A new joint venture formed to run seven existing crop input retail centres in central and southeastern Saskatchewan will settle for six.
The federal Competition Bureau on Wednesday announced an agreement with Federated Co-operatives (FCL) and the ag retail arm of the Saskatchewan-based Blair’s Family of Companies toward approval of their proposed joint venture.
Blair’s and FCL in February had announced the joint venture to own and operate the seven Blair’s ag retail outlets at Lanigan, Nokomis, Watrous, Liberty, McLean, Lipton and Rosthern.
The joint venture will now start operating effective July 31, the companies said Wednesday.
The bureau said Wednesday its agreement with FCL and Blair’s will “preserve competition for the sale of crop inputs in the area of Lipton,” about 90 km west of Melville.
If it were approved with no conditions, the proposed venture would “likely substantially lessen competition” in retail crop inputs such as fertilizers, ag chemicals and seeds, leading to “higher prices and lower service quality for local growers” in the rural municipalities of Cupar, Kellross, Lipton and North Qu’Appelle, the bureau said.
Melville-based Prairie Co-op, a member of the FCL group of co-operatives, also operates ag retail centres in the area, including one at Lipton and others at nearby communities including Ituna, Cupar and Kelliher, as well as at Melville and Strasbourg.
Other ag retailers in the Lipton area are not “vigorous competitors” to Prairie Co-op or Blair’s, lack the “infrastructure and ability to effectively serve anhydrous ammonia customers,” and aren’t likely to expand services in reaction to the FCL/Blair’s venture, the bureau said.
Thus, FCL and Blair’s must sell the Blair’s site at Lipton, along with Blair’s anhydrous satellite sites at Lipton and nearby Balcarres, once they find a buyer acceptable to the federal Commissioner of Competition.
Until then, the Lipton site will operate under “an expanded preservation order, including an information firewall, in order to protect and preserve the divestiture assets.”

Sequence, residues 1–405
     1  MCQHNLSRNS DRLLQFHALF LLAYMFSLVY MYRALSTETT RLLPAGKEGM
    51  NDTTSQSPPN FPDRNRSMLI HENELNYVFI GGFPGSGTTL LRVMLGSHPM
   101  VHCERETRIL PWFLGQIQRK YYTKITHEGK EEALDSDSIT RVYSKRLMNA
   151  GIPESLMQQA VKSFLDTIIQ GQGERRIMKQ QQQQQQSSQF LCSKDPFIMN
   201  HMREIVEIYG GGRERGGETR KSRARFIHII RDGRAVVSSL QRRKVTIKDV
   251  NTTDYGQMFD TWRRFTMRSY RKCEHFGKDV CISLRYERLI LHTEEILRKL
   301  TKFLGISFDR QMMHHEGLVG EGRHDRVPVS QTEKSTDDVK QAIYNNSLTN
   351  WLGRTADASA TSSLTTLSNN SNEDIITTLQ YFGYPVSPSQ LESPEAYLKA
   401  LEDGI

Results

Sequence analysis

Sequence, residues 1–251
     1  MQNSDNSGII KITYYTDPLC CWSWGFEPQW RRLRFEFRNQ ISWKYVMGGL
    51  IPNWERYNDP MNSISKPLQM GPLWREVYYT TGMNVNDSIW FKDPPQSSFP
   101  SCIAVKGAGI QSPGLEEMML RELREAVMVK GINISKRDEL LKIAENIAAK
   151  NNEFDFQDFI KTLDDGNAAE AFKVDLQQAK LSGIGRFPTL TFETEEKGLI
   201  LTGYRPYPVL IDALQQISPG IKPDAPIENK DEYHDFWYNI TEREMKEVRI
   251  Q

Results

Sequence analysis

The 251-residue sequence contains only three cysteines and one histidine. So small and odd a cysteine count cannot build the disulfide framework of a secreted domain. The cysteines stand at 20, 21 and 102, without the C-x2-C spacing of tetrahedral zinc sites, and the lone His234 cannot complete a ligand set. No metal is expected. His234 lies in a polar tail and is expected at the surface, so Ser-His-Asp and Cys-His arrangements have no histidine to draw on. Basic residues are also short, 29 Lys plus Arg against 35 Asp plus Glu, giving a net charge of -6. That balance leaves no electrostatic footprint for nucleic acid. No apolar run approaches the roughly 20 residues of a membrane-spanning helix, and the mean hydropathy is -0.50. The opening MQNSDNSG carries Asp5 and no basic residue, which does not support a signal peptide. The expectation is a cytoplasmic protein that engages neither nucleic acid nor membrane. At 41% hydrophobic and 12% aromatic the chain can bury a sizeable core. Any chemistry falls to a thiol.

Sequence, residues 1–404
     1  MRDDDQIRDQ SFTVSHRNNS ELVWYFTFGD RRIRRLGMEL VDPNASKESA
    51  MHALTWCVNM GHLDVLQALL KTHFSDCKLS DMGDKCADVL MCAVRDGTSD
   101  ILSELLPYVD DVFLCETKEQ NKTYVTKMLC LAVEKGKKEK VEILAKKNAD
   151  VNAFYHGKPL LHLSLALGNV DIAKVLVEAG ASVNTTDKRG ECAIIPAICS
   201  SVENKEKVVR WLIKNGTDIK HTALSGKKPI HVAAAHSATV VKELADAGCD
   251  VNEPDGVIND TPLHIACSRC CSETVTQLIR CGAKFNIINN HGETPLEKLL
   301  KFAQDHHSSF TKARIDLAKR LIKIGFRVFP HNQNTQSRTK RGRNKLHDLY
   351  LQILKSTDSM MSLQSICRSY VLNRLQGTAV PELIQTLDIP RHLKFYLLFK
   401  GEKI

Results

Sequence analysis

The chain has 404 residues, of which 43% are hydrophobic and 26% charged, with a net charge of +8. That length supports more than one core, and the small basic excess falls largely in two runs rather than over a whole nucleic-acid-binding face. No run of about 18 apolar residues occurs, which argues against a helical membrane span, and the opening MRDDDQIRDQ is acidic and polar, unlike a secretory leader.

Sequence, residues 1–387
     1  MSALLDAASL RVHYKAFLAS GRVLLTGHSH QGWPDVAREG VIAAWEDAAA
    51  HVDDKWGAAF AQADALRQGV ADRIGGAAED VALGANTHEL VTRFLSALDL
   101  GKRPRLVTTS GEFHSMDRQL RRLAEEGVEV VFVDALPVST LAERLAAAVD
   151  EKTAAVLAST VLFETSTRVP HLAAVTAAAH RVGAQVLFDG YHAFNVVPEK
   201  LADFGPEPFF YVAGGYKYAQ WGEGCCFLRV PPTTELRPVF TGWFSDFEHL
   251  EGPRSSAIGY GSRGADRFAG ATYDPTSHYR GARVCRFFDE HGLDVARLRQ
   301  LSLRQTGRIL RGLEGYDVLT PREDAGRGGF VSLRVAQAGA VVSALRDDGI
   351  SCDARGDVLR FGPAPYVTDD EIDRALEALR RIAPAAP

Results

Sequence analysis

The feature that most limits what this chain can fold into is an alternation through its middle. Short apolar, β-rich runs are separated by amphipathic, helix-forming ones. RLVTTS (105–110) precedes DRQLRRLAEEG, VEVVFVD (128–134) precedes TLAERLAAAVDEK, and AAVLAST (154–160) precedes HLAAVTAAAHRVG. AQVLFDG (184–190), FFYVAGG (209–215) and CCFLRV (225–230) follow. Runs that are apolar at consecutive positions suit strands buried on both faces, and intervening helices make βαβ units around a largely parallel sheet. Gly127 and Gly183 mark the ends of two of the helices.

In its ruling, the bureau said the joint venture was otherwise “unlikely to result in a substantial lessening of competition” at the six remaining Blair’s sites. It sees “effective remaining competition in those areas” and/or a “low degree of competitive rivalry” between Blair’s and nearby Co-op stores.
The sites operating under the new joint venture “will offer a broad range of crop input and animal nutrition products and services to continue to meet the business needs of local area farmers and ranchers,” FCL and Blair’s said in February.
The six sites will continue to operate under the Blair’s banner and Blair’s staff will “continue to manage the day-to-day operations.”
The retail businesses going to the new venture include Blair’s AgIntelligence ag consulting services, its proprietary PerforMax line of beef cattle nutrition products, and other feed products for the poultry, hog, sheep, horse and dairy sectors and companion animals.
Other Blair’s-owned businesses — such as its Texcana Logistics fertilizer terminal near Hanley, Sask., and its farming operations, including Blair’s Ag Cattle Co. — are not part of the joint venture. — Glacier FarmMedia NetworkTagged ag inputs, ag retail, anhydrous, Blair's, chemicals, Competition Bureau, FCL, Federated Co-operatives, Fertilizer, Lipton, Prairie Co-op, saskatchewan, seed